Neck pain may occur in a variety of circumstances, and can be associated with headaches, jaw and ear symptoms, upper back pain, stiffness (with reduced neck motion), and shoulder/arm radiating symptoms including pain, numbness/tingling, and/or weakness. Such neck area symptoms can be caused by injuries, prolonged positioning, degeneration (wear and tear), infections, congenital deformities, inflammatory diseases, and tumors. Although many clinicians can address neck pain and associated symptoms, only one type of physician can treat all of these neck symptoms in all forms from start to finish: a neurological surgeon (neurosurgeon).
Neurosurgeons to Evaluate Neck Pain
Neurosurgeons are best apt to evaluate your neck pain and symptoms due to the important anatomy contained within it, including the spinal cord. This structure is the main conduit of neurological information from the body to the brain, and from the brain to the body. It is part of the central nervous system and is a serious and sensitive piece of anatomy.
Any damage to the cord is likely permanent and neurosurgeons are the most trained professionals to help a patient learn to avoid such permanent neurological damage.
Diagnosing Neck Pain
Proper neck (cervical) area imaging including x-rays, MRI, and possibly CT scan are the most common evaluative approaches to the internal anatomy. For symptoms of neurologic impairment, after a number of weeks, “nerve tests” or electrodiagnostic may be performed, and should always include the neck muscles (“paraspinal muscles”) for proper and sensitive evaluation.
However, it is cautioned that such testing is of low yield in the absence of frank muscle weakness, and a normal “nerve” test does not rule out a significant neck problem and/or neurological impairment related to such a neck problem.
Neck Pain Treatment Options
Treatment options should always be predicated on a thorough history of the symptoms and physical evaluation including an evaluation of the neck structures, and all four extremities, since neurological pathways in the neck may affect all of the limbs.
Initial therapies for neck pain consist of symptomatic reduction approaches, including anti-inflammatories, and gentle rehabilitation therapies. This approach is similar for acute injuries, and/or other causes of neck symptoms. After an acute course of therapy, bursts of such treatments for flare-ups is appropriate. Therapy is to be curtailed for any increase in symptoms related to such treatments.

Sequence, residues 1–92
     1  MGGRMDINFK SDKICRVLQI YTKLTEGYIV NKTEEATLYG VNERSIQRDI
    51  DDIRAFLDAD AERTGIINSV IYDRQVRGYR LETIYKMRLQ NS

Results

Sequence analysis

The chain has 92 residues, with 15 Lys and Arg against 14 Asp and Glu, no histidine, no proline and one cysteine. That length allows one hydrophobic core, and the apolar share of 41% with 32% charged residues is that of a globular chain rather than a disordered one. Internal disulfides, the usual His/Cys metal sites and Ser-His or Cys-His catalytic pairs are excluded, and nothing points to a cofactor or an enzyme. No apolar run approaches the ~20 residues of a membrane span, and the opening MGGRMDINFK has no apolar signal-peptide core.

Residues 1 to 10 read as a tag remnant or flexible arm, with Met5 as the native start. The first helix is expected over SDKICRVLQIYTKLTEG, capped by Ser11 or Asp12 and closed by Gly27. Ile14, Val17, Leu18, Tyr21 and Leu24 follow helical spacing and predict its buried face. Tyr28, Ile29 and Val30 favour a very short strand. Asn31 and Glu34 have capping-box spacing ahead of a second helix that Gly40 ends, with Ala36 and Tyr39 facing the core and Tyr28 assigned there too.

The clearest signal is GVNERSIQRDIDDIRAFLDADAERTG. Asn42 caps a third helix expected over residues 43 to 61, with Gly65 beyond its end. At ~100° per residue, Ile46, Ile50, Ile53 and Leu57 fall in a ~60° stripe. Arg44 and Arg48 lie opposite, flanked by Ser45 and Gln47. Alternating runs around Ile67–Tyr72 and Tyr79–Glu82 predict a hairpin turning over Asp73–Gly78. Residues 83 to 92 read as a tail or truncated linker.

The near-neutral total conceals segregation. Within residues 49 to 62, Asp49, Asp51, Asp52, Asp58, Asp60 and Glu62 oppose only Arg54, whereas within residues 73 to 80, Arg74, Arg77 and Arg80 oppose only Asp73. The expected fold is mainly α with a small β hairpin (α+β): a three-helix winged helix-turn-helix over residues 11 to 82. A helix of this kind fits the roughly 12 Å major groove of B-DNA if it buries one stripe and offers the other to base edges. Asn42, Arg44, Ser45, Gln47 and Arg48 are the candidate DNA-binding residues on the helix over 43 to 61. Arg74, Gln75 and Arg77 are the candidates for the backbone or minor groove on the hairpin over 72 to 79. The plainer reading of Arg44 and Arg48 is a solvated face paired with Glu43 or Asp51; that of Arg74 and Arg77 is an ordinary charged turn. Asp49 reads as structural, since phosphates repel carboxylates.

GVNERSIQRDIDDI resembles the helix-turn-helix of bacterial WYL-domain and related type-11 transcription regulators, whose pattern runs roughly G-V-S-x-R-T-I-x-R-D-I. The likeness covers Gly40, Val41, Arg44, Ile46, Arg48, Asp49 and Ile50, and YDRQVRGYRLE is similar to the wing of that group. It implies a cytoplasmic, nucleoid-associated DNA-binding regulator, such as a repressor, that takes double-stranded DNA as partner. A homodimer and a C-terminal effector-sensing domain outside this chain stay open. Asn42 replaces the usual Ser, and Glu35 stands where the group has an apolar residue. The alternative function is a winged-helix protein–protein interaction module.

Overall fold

Neck Pain Treatment by Injections
If there is an imaging find that allows the clinician to match or correlate the neck pain and related symptoms to the anatomy, then targeted and specific neck injections may be properly utilized to both test where the pain is coming from, such as “targeted epidural injections” for disc and/or related nerve issues, and/or “facet joint injections” for joint area problems of the neck. Sometimes, neck symptoms can come from a mixed source of pain generators: most often disc and/or joint issues.
Such injections are best strategized and guided by a neurosurgeon, although most often delivered by a pain interventional pain specialist. The key follow-up is to determine how much of the symptoms were improved by a particular injection, but also what specific areas were improved.
Any residual symptoms may need to be addressed by different injections. Unfortunately, these injections do not last forever, and repeat injections and similar procedures are appropriate in an effort to delay surgical options.
Surgery for Neck Pain Relief
When injections are not adequately effective (either by how much they help or for how long they may help), and often as the last step (unless a neurological emergency exists), surgery may be the appropriate treatment. Surgery comes in various forms, and most often in this modern era, is performed through the front of the neck. There is no one better than a neurosurgeon that to help a patient stay away from surgery. However, if the symptoms are too great and unlivable, then a neurosurgeon is the best one to perform the surgery, with detailed attention to the spinal cord, nerves, and supporting structures.
Surgeries may include the removal of discs including any herniated, slipped, or fragmented portions, as well as bone growths called “spurs,” if present. These structures may compress and/or irritate (sometimes without direct compression) the local neurological structures (spinal cord and/or the nerve roots emanating from the spinal cord). Surgeries also include the insertion of devices for stabilization of the neck, including both rigid (fusion) and movable (artificial disc) implants. Minimally invasive options are also available.
Dr. Jeffrey Gross Neurosurgeon Provides Second Opinions to Surgery
Dr. Jeffrey Gross, the chief neurosurgeon at SPINE enjoys finding ways for his patients to avoid and/delay surgery. He works directly and strategically with other medical colleagues, including pain specialists to perform tailored injections for both diagnostic and therapeutic purposes, customized to address an individual patient’s specific neck pain and related symptoms.